Simon Cowell is well-known for his tendency to say exactly what he thinks. He has already made his feelings for rival show, The Voice, currently showing on BBC1 in the UK, clear by saying that it is a copycat show. Now, during an interview on BBC Radio 4, he has gone one step further by asking why it isn’t a radio show. After all, as he says, if it is all about ‘the voice,’ why is there any need for it to be a visual show at all?
The crux upon which The Voice hangs is that it is concentrating on talent, something that many believe does not shine through in shows such as The X Factor, American Idol and even Britain’s Got Talent, because the voting process and even the judges’ comments are often based on the contestant’s personality and looks. In this year’s American Idol, for example, Joshua Ledet, easily one of the most talented contestants to ever appear on the show, has just been voted out by the viewers, despite being the judges’ favourite all along. Viewers probably didn’t bother voting for him, because his personality didn’t win them over and they thought he would be safe anyway. In many people’s opinions, had he been judged purely on his voice, he should have won the whole show.
The Voice purports to be a completely different kettle of fish. Rather than relying on the overall package of looks, voice and personality, the first round of auditions was blind. This means that the four judges of The Voice in the UK, Jessie J, Tom Jones, Will.i.am and Danny O’Donoghue, had their backs to the contestants and decided on the people to go through based purely on their voice, although the viewers got to see the contestants in all their glory. In many respects, this worked well and those contestants with the most outstanding voices did largely get through to the next round.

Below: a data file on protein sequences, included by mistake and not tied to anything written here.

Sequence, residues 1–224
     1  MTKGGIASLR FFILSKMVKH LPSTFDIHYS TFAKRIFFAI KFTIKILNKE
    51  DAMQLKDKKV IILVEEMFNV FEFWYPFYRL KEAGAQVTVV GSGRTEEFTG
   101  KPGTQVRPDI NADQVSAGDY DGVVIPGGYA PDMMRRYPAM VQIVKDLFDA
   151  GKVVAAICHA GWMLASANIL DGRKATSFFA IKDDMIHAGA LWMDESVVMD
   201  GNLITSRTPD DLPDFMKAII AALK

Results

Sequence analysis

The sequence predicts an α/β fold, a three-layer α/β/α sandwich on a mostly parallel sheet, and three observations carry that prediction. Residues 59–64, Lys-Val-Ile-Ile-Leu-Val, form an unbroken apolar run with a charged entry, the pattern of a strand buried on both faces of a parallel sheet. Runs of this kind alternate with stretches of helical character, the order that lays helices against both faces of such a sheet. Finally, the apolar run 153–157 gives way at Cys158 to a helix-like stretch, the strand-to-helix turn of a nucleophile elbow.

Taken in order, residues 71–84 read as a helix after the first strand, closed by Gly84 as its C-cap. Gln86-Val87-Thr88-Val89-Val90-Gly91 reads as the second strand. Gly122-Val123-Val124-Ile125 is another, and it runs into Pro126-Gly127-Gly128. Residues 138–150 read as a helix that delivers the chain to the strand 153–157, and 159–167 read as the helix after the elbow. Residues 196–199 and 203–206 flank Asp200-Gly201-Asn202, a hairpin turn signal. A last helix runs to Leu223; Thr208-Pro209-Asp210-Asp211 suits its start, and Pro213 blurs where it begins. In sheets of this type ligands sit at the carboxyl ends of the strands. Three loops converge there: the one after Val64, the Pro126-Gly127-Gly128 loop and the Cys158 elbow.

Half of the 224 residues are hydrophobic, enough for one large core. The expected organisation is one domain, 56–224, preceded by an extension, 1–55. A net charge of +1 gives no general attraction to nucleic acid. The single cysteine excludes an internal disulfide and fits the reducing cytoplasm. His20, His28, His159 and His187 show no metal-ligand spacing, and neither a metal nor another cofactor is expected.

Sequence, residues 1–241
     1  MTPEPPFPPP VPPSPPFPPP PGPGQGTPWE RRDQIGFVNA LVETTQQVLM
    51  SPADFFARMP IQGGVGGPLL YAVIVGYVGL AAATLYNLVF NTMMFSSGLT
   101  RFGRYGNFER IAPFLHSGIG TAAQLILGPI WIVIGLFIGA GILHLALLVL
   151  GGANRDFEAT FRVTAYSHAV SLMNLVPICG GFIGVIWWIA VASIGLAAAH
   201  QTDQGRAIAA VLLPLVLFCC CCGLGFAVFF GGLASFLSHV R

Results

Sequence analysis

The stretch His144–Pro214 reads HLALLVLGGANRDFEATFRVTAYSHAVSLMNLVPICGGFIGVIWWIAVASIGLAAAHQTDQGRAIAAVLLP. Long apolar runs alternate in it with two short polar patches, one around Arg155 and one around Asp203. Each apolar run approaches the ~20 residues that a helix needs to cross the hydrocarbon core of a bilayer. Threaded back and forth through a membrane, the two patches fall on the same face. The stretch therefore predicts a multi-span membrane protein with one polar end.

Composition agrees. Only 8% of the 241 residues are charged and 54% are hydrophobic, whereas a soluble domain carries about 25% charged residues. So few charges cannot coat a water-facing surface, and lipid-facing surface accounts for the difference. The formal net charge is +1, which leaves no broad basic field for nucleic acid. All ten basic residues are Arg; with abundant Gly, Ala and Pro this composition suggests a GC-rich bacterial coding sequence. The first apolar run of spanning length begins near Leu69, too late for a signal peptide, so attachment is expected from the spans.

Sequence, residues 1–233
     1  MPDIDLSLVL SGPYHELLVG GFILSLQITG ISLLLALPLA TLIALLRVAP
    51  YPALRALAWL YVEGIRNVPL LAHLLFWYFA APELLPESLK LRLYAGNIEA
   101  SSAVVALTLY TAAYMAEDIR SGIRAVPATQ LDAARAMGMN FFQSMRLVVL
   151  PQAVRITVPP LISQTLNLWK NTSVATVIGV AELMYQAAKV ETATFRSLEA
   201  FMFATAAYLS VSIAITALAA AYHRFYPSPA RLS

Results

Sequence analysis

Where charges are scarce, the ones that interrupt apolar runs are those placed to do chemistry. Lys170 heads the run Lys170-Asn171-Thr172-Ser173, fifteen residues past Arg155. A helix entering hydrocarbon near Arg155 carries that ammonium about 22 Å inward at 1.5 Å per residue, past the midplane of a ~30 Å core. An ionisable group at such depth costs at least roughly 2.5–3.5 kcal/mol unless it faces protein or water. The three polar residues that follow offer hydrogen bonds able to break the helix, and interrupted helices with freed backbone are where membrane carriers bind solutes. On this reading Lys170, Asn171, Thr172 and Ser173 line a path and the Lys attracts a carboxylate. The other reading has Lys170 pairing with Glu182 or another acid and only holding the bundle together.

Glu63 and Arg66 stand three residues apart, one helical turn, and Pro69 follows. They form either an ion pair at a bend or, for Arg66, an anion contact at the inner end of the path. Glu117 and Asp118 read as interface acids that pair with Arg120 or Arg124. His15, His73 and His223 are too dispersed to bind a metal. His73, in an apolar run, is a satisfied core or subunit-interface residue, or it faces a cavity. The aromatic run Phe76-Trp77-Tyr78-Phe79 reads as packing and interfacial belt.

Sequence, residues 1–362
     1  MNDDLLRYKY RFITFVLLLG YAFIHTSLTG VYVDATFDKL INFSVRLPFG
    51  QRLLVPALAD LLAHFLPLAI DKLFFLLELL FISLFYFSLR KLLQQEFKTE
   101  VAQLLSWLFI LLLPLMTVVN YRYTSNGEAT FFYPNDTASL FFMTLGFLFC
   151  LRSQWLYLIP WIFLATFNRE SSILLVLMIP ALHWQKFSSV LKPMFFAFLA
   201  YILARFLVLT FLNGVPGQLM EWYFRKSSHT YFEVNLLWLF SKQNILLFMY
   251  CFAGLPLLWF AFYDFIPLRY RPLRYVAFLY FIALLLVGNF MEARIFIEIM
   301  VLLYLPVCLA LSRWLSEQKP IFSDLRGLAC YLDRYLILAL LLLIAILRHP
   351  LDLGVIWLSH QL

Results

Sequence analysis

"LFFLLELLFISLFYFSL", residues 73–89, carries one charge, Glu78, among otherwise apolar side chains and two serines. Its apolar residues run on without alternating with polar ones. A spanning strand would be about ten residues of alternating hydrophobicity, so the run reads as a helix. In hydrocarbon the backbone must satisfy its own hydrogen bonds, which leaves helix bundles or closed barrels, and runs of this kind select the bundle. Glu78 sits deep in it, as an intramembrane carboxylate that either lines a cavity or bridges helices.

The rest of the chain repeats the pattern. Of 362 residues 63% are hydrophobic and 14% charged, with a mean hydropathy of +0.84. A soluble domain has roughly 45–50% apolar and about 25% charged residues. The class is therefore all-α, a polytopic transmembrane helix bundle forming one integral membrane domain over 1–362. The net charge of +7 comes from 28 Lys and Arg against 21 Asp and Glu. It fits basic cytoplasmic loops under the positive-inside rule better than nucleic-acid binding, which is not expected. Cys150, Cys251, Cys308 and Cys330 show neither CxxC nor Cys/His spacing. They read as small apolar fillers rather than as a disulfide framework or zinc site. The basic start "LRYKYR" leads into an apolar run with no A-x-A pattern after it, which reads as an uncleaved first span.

However, then the show’s high morals began to unravel a little, because the next and subsequent rounds all involved the judges working directly with the team of contestants that they have chosen. The rounds are thereafter based on the viewers’ and judges’ visual, as well as aural, opinions of the contestants. That is fine, but it is hard to avoid making a decision on the overall demeanour of the candidates; after all, often much of the part of the charm of singers is based on the way they move and look, as well as the way that they sound. In the long run, it is therefore no different from similar shows.
Another criticism of The Voice is that the Sunday results shows are not live, unlike all The X Factor shows after the audition stage, which a number of nay-sayers strongly feel is inappropriate for a show trying to find a star. After all, singing live and being judged live is an important aspect of stardom and viewers have no way of knowing if the show is doctored before it appears on television. When the show was initially shown in the UK, Simon Cowell was furious because there was some overlap in transmission and it was stealing audience figures from Britain’s Got Talent; however, in the end, Britain’s Got Talent won out, quite possibly because viewers preferred the atmosphere of a live show.
Ultimately, viewers have a choice as to which show they prefer to watch. The X Factor has now been televised for a number of years and some may feel that it is worth watching The Voice, which has a slightly different feel, or possibly simply because it doesn’t feature Simon Cowell. Others will prefer the sarcastic Simon Cowell touch and the fact that The X Factor is familiar and The Voice isn’t, apart from the first round, vastly different. Viewers vote with their feet; if there isn’t a market for both shows, as well as Britain’s Got Talent and the American equivalents, one or more of them will eventually be cut. In the meantime, it looks as though Simon Cowell still has the edge on the market; in the UK, at least.